India arrived in the Caribbean yesterday admitting they face a challenge in winning their first series away from the sub-continent in almost a decade.
It's an admission that comes even in the face of the West Indies' recent string of defeats, especially on overseas tours.
"We'll have to play good cricket to win the series", vice-captain Rahul Dravid told reporters in the Club Caribbean Lounge at Grantley Adams International Airport.
"The West Indies haven't done very well of late. They have not lost too much at home. Their record at home hasn't been very bad at all. Having said that, I think it's going to be a good series."
Dravid was speaking in the absence of captain Saurav Ganguly, who remained at home with his ill wife. Ganguly is due to arrive on Thursday.
"It is going to be an evenly-matched series. I think the West Indies have the advantage of playing at home," he said.
The pressure is going to be on them because, in a sense, they have got to live up to the expectations of the people at home. We've got all to play for.
While India have been tough to beat at home, they often find it rough on overseas tours and they have to go back to the 1993 tour of Sri Lanka when they managed a 1-0 series win for their last success outside of India.
Their last series win outside of Asia dates back to 1986 when they had a 2-0 triumph in England.
Coach John Wright, the former New Zealand opening batsman, promised an exciting brand of cricket from a team that includes four survivors from the 1997 trip to the Caribbean.
"If we play to our potential, we are capable of beating the best," he said.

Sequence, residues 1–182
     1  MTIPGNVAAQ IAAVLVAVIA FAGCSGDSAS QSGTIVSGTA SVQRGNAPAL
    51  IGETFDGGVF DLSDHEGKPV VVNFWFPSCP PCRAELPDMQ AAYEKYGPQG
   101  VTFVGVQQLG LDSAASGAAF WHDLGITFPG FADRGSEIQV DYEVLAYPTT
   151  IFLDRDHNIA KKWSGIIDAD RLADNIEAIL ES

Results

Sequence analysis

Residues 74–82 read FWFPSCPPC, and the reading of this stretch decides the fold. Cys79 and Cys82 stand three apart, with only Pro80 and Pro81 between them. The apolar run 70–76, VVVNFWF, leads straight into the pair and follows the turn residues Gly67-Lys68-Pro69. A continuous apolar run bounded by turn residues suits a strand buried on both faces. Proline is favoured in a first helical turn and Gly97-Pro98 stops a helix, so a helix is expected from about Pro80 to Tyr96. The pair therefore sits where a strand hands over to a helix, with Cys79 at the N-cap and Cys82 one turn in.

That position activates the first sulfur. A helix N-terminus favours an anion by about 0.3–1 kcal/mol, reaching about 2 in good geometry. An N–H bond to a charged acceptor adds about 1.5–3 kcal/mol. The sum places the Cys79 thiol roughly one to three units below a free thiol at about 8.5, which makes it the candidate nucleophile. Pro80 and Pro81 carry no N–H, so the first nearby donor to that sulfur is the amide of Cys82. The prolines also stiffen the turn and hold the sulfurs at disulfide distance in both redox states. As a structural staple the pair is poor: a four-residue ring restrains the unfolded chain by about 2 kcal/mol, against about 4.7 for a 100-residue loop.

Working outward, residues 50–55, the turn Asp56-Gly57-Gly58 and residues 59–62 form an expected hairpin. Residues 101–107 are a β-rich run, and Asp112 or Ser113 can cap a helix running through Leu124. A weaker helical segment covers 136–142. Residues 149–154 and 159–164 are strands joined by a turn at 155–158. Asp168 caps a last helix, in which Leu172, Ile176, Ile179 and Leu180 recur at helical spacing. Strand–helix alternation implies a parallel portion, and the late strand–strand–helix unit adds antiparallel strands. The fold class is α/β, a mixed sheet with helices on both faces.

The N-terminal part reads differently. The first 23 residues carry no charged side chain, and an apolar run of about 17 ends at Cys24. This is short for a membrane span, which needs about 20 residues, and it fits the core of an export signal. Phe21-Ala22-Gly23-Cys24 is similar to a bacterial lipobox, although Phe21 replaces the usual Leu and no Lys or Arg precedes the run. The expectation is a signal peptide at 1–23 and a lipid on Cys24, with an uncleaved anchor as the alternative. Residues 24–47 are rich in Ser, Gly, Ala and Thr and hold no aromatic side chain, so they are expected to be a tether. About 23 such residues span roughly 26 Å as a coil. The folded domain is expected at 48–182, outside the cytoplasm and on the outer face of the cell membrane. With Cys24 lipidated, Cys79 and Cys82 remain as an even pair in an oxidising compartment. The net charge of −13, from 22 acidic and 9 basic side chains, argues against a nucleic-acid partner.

"We will be an attractive side to watch. Playing here is tough, but as Rahul mentioned, any side in home conditions are more comfortable."
Wright was a key member of the New Zealand side which toured the Caribbean in 1985 and he said it was a tremendous place to play cricket.
"It's a little bit like India. There is great love of cricket here, certainly a great knowledge from the spectators," he said.
It's a great opportunity for us as a side. We have the opportunity to win away from home for [the first time in] a long time.
"From our point of view, it is a challenge".
The average man will be keen to bill the series as a showdown between India's gem Sachin Tendulkar and champion West Indies batsman Brian Lara.
"As a coach, one doesn't like to focus on individuals as such", Wright said.
"They are two great players. I am sure they have a lot of respect for each other. But we have some other players who are capable of winning series and influencing series".
India will play the West Indies in a series of five Tests and a similar number of One-Day Internationals.
The opening Test, which starts in Guyana on April 11, will be preceded by a warm-up three-day match against a Guyana Cricket Board President's XI beginning on Friday at the Everest Club.